A little everyday chit chat around the table...like we all used to do around my Grandmothers' tables when I was growing up. A little of this...a little of that...nothing too special...but as the years pass, all of it seems so. Come, sit at the Table, contribute, enjoy, stay as long as you want, leave when you need to, and return often!
Whisk Wednesdays: Mignons de Porc Arlonaise (Pork Tenderloins with Beer)
The recipe scheduled to be prepared for this week's assignment for Whisk Wednesdays is from Class 27, Menu 4: Mignons de Porc Arlonaise (Pork Tenderloins with Beer), and can be found on pages 367-368.
I almost sat this one out. Am so glad I did not. I thought it sounded a little stew-like and the guys are not that fond of stew in the summer. As I read through the recipe, however, I discovered, the meat is cooked separately, the vegetables are cooked separately, the sauce is made separately, and then, in grand French style, it is all brought together for only five minutes at the end. Oh, this is so delicious! Buy the book, make the recipe, you won't be disappointed.
The potatoes are turned barrel-style (am getting a little better at that the more we do them) and boiled until just barely tender, sitting in their cooking water to keep them warm until time to plate. I thought they might get mushy doing it this way, but they did not, and the extra time in the heat cooked them to perfection. The pork tenderloin is browned and then placed in the oven at 425 degrees for 15 minutes.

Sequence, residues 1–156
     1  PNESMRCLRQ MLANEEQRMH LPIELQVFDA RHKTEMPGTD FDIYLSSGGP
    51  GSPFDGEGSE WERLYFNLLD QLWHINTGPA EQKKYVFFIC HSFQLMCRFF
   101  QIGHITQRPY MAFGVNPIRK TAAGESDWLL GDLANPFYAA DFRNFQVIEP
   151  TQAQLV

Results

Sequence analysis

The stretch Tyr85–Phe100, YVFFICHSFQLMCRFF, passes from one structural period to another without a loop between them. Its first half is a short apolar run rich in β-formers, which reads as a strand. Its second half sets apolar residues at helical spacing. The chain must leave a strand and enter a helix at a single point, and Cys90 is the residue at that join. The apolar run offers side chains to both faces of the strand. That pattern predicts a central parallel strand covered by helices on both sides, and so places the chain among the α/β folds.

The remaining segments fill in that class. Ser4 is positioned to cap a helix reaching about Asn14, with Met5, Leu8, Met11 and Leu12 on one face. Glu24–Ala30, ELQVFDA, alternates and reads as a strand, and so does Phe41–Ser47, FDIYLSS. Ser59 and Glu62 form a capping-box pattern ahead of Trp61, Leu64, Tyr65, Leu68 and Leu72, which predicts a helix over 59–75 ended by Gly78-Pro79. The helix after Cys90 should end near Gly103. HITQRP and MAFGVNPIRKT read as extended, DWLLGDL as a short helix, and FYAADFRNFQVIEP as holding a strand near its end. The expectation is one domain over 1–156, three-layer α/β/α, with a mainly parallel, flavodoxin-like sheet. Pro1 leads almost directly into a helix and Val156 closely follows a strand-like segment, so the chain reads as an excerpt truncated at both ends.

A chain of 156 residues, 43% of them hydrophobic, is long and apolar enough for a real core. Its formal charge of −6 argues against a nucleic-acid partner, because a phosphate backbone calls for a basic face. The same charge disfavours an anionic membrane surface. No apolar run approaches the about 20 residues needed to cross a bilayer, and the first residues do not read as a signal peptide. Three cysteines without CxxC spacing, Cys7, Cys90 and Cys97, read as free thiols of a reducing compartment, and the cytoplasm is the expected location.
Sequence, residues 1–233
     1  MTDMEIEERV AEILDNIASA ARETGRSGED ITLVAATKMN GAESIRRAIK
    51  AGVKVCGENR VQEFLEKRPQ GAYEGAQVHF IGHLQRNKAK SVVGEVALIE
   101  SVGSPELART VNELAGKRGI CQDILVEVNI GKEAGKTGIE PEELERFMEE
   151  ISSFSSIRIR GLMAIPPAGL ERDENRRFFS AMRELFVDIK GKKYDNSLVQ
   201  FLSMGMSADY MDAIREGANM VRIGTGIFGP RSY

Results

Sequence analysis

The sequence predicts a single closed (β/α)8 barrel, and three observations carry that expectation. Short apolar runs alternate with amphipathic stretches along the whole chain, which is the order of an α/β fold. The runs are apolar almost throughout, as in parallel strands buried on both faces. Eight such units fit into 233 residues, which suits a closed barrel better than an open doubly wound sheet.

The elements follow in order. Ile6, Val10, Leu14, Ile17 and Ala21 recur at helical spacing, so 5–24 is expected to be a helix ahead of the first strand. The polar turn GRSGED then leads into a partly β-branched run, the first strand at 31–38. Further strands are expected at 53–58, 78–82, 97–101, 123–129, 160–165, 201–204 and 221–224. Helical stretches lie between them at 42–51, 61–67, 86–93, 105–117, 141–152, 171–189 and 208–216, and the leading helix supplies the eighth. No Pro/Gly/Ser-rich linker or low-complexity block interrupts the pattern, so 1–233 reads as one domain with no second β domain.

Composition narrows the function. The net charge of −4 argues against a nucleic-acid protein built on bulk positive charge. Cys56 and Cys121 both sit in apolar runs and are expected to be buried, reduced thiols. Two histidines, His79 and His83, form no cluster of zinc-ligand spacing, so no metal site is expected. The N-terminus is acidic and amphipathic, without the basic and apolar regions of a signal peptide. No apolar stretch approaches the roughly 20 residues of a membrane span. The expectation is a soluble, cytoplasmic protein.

The carrots, leeks, mushrooms, turnip, and celery are all julienned and sauteed in a little pat of butter until tender after the pork has cooked the 15 minutes and is resting.
When the vegetables are tender, the pork is added back into the pan and the sauce is poured over it, allowing vegetables and pork to cook 5 minutes in the sauce.
The meat rests for another 5-10 minutes before slicing, and everything gets plated nicely with the sauce drizzled over the top.
The sauce was a combination of a little sugar, a little white wine vinegar, some dark beer, and some veal stock, all reduced to about half before use in the pan. The beer gives it a nice depth and you can definitely taste that it is a dark beer, very rich and nice with the pork.
The complete dish was wonderful and I will make this again as it was easy, very tasty, and Mark really likes pork tenderloin. This might be the Christmas Eve dish this year, yep, it just might. Some homemade rolls, a salad, and a dessert and I'm set.
If you would like to see how the other Whisk Wednesdaymembers fared in this class, clickhere, and then on the Whisk Wednesdays connect to individual bloggers, or better yet, come and join us! Shari has the ingredients posted on her site at the click, so while we can't post the recipe instructions, you can at least look at the ingredients, and I bet you can figure out a lot of it from there.
Class 27: Menu #4
• Velouté Du Barry (Cream of Cauliflower Soup) pages 419-420 • Mignons de Porc Arlonaise (Pork Tenderloins with Beer) pages 367-368
• Profiteroles au Chocolat (Profiteroles with Vanilla Ice Cream and Hot Chocolate Sauce) pages 304-305